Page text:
Penelope Cruz and Javier Bardem were both paid the same for their work in Everybody Knows, perhaps signaling some long-awaited progress on the gender pay gap in Hollywood, People is reporting.
The husband-and-wife pair is in Cannes to promote their Spanish-language thriller about a woman who returns to Spain to find her life upended by dark secrets. And when Cruz was asked if the two were paid the same for their work on the movie, she answered that yes. So indeed, they got the same paycheck.
That’s rare in the movie industry – that a leading man and a leading actress would get the same paycheck. In fact, as Vanity Fair reports, so extreme sometimes is the gender pay gap in Hollywood that insiders have been angling for change for years now.
Things came to a head in January of this year, when it was reported that Mark Wahlberg and Michelle Williams were called back for reshoots for All the Money in the World. For his work, Wahlberg was paid $1.5 million; Williams was paid around $1,000.
Similarly, Wahlberg’s paycheck for the film, not counting reshoots, was $5 million, while Williams got a comparatively paltry $625,000.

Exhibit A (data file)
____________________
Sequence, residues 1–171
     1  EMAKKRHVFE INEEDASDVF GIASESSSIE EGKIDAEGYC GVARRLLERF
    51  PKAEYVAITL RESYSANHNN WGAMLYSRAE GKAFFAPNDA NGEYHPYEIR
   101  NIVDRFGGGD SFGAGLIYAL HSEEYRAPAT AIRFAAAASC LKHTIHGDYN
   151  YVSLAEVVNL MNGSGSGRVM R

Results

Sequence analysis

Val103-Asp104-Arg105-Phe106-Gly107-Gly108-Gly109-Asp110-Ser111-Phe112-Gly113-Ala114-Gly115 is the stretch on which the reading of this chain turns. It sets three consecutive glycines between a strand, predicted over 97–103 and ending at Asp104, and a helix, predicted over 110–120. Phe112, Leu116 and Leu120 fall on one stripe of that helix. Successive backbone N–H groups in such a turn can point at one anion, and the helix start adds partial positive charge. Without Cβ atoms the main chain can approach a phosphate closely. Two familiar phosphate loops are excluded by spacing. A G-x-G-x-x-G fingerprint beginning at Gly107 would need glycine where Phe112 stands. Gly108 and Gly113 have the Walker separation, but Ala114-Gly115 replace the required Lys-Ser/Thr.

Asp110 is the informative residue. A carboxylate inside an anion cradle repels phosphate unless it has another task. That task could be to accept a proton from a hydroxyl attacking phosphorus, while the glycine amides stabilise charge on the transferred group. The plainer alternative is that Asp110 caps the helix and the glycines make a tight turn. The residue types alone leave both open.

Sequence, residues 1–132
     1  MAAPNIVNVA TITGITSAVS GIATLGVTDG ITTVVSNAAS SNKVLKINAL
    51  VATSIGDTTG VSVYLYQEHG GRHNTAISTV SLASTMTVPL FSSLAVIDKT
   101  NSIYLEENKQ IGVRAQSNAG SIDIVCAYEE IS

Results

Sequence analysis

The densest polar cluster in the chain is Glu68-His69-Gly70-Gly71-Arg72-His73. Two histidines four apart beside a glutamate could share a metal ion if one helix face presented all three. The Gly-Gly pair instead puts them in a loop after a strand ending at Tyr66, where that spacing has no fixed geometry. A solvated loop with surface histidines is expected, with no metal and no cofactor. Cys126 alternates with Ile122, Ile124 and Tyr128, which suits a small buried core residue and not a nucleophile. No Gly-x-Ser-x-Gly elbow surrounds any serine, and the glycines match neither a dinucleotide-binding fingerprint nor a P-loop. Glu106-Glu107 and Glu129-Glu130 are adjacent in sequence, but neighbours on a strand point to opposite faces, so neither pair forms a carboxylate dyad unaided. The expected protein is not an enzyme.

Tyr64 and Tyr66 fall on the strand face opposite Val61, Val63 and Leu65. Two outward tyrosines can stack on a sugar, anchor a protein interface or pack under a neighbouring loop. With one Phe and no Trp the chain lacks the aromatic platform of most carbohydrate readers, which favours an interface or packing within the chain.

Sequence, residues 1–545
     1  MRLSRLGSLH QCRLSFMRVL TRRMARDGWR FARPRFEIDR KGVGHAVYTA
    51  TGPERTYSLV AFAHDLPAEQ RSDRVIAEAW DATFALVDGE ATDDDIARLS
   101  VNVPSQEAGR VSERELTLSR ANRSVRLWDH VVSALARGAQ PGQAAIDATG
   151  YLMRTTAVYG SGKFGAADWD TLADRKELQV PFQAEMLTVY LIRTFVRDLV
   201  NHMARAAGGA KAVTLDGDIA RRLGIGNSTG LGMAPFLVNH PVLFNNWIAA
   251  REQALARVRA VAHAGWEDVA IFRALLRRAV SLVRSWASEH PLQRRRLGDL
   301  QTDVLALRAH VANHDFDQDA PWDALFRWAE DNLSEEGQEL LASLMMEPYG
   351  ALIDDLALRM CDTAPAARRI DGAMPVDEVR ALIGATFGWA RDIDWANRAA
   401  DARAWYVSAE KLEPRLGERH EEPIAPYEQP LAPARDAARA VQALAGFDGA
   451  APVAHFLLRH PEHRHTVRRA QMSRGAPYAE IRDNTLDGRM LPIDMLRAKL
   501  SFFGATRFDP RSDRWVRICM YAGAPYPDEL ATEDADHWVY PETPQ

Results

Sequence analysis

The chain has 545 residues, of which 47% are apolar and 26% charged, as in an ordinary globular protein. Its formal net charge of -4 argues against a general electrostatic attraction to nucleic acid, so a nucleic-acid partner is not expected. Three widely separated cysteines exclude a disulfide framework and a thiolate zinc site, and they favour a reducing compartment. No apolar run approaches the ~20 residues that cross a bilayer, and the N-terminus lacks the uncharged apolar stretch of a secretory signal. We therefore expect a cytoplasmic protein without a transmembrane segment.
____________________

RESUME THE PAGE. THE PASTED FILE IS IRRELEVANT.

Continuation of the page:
To be fair, says Vanity Fair writer Yohana Desta, Wahlberg is known as a tough negotiator in the industry. But that belies another problem for women in Hollywood: strongly negotiating your salary, as a woman, can get you labeled as “difficult,” making it harder for you to get work.
Michelle Williams was ‘shattered’ when she found out her pay was 1% of Mark Wahlberg’s https://t.co/YkjvqItuFu
— FORTUNE (@FortuneMagazine) May 9, 2018
That hasn’t stopped Ellen Pompeo – she’s one of the few women in the movie industry who isn’t afraid to angle for higher pay in negotiations.
It’s not just the movie industry with a pay-gap problem. Over on the small screen, it’s been reported that the two leads of the ABC comedy Black*ish, Tracy Ellis Ross and Anthony Anderson, aren’t getting nearly the same paychecks either – and you can probably guess which one is getting more money. Right now, the two leads are negotiating their salaries for the next season, and Ross has said that if she doesn’t get the same as her male co-star, she’ll appear in fewer episodes and make up the difference by guest appearances.
So is the situation changing? Slowly but surely, says Indie Wire. Movies with middle-aged white men in the lead are becoming “stale,” says writer Chris O’Falt, and the staggering success of Wonder Woman shows that a summer blockbuster can be carried by a female lead.